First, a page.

Education novels are a well-established literary genre in English literature which specifically deal with a character’s evolution throughout their life. How does the depiction of education in novels serve an educational purpose?
I) Depicting education
1) Capturing the process of coming of age
Bildungsromans portray the coming of age of their protagonists. The History of Tom Jones, a Foundling, by Henry Fielding (1749), can be considered as a prototypical education novel. The protagonist’s story is told from his early childhood to adulthood and focuses on both the mystery of his origins and his romantic relationship with a young woman.
J.K. Rowling’s Harry Potter (1997-2007) constitutes a contemporary instance of the coming of age story. Hogwarts is used as a setting from Rowling’s imaginary wizarding world and mirrors the context in which British youngsters grow up today.
2) In quest of the self
The character’s evolution in education novels is often used as a way to explore human nature and the passage of time. In The Mill on the Floss by George Elliot (1860), the stories of two siblings are recounted over fifteen years, emphasizing the differences in their trajectories. Their psychological and intellectual development is touched on as their differing life choices enfold.
George Elliot was a major 18th century novelist. Her work chiefly focuses on the development of young characters from the Midlands.
In Harper Lee’s To Kill a Mockingbird (1960), the two protagonists witness their father, a lawyer, defending a black man accused of rape. The atrocities surrounding this event participates in their moral development.
II) Educating the reader
1) The moral undertones of education novels
The use of symbols is one of the literary devices used for an educational purpose. Daniel Defoe’s Roxana, The Fortunate Mistress (1724) is a first person narrative in which a prostitute tells about how she came to sell her body. The novel focuses on her moral decay, brought about by society, feeding into the motif of the fallen woman.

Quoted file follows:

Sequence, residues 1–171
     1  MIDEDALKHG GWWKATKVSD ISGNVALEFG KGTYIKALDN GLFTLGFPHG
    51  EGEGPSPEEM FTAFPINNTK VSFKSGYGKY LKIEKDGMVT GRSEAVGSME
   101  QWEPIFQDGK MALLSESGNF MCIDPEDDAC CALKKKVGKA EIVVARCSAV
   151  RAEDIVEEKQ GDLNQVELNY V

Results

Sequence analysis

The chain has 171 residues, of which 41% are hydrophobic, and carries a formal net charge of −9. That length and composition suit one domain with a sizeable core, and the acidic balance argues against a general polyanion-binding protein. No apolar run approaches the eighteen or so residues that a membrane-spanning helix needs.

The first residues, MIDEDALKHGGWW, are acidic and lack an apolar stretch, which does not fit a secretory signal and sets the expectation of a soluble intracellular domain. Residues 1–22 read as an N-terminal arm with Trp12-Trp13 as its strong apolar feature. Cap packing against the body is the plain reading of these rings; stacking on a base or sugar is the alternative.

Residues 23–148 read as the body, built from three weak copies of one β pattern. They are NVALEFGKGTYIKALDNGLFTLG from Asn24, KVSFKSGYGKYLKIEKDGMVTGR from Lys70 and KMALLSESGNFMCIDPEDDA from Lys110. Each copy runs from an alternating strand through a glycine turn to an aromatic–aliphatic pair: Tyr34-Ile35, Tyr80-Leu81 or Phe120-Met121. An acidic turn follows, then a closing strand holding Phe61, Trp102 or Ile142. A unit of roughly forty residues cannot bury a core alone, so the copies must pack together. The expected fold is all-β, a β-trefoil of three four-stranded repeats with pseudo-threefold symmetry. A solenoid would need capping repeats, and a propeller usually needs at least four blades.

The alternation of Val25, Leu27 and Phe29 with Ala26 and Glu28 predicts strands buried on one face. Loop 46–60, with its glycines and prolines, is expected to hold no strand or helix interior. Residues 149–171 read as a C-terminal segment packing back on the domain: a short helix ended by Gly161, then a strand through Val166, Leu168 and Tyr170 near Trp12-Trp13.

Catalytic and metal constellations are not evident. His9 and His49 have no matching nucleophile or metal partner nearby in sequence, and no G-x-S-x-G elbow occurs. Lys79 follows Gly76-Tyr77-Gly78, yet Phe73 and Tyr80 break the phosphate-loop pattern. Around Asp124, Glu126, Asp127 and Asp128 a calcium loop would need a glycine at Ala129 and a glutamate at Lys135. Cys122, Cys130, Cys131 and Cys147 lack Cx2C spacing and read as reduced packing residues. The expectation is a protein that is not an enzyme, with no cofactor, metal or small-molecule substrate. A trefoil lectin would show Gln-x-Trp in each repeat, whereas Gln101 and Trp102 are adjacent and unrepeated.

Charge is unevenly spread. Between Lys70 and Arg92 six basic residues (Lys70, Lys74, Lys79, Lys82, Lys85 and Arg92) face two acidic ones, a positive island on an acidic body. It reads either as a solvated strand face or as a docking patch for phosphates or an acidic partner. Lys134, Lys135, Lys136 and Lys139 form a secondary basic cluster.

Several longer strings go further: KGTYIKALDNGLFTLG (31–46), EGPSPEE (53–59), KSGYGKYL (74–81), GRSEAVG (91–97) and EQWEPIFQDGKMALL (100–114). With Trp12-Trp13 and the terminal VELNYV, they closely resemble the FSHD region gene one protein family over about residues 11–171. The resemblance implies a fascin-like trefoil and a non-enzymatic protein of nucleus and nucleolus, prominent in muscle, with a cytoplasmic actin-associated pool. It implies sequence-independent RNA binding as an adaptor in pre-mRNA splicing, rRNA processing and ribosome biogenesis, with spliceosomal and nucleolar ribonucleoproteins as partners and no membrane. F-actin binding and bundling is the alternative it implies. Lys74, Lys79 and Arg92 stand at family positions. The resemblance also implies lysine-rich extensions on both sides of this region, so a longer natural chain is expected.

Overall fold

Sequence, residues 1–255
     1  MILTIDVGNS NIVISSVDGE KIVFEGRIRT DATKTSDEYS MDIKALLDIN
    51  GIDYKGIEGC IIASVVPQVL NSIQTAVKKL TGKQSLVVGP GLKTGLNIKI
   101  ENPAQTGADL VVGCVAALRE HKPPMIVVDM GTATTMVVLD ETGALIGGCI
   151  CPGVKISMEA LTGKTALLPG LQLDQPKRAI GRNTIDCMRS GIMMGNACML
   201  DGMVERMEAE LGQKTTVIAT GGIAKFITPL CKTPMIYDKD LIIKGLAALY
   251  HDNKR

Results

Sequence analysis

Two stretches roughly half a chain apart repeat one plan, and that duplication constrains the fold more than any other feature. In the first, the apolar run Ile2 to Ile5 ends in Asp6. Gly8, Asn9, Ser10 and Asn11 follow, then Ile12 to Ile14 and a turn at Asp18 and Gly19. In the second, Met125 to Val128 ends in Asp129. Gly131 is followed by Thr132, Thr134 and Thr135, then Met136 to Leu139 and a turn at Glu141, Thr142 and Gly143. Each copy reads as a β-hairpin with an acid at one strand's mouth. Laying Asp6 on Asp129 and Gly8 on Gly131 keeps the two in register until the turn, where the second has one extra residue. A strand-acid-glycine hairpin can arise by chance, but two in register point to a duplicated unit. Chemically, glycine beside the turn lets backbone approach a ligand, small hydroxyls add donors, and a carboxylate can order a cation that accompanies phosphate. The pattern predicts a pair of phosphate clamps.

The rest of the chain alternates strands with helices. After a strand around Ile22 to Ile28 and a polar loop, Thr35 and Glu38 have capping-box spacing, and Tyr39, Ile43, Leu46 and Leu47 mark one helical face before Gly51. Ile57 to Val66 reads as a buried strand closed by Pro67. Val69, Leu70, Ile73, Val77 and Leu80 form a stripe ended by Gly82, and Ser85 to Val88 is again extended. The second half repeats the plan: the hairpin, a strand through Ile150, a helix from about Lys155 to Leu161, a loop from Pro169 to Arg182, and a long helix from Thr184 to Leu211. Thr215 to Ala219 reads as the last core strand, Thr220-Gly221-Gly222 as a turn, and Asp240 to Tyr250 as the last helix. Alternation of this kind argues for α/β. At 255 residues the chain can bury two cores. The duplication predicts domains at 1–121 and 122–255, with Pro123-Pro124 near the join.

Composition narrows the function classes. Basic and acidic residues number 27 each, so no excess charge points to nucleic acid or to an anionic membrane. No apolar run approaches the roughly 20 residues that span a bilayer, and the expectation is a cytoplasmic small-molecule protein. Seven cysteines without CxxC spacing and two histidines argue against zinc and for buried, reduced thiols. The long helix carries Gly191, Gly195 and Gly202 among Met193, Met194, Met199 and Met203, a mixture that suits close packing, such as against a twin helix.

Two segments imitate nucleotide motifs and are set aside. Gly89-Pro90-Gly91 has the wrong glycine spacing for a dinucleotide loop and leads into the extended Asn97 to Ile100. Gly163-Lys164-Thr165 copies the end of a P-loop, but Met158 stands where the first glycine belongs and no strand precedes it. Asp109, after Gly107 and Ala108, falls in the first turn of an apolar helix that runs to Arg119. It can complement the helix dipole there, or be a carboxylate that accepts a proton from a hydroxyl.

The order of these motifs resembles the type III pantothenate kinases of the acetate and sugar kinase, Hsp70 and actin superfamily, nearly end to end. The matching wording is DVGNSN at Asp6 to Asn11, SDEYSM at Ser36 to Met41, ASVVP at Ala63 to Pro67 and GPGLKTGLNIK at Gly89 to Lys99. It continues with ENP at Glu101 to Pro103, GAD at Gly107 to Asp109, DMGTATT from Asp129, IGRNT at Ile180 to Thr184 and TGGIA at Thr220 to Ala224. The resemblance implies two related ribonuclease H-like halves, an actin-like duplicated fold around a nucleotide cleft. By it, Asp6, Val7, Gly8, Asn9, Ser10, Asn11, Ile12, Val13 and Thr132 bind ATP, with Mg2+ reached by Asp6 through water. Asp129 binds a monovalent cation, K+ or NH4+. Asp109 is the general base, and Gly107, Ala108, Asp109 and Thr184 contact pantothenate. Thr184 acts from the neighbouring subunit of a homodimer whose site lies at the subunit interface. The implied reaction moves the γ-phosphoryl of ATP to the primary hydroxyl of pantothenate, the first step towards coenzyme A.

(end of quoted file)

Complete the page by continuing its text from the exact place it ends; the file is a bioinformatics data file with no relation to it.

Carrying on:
Oliver Twist (1837), by Charles Dickens is the story of an orphan who has to grow up in the streets of a drab (morne), industrial London. Throughout the novel, Dickens makes extensive use of symbols, endowing some of the characters with biblical characteristics leading the reader to understand which characters are good and which are evil. Those symbols are often used to build upon the social commentary that is present throughout the novel.
2) Addressing the reader: for what purpose?
Narratorial comments are often used in education novels to explicitly make a moral comment in order to guide the reader. In Charlotte Brontë’s Jane Eyre (1847), the narrator addresses the reader directly in the famous line: “Reader, I married him”. By involving the reader in the novel, Brontë contributes to drawing them into the heroine’s moral dilemmas.
Through a complex set of authorial comments and weaving of the plot, Jane Austen’s Sense and Sensibility (1811) makes great use of didacticism and takes a moral stance against sensibility, a fashion of the late 18th century which involved overblown sensitivity and taste for the picturesque (pittoresque). Marianne, a character who embodies sensibility ends up realising that she was wrong in being driven only by her feelings and eventually decides to become more sensible.
Didacticism is a type of literature whose aim is to educate and inform the reader in political, or often moral matters.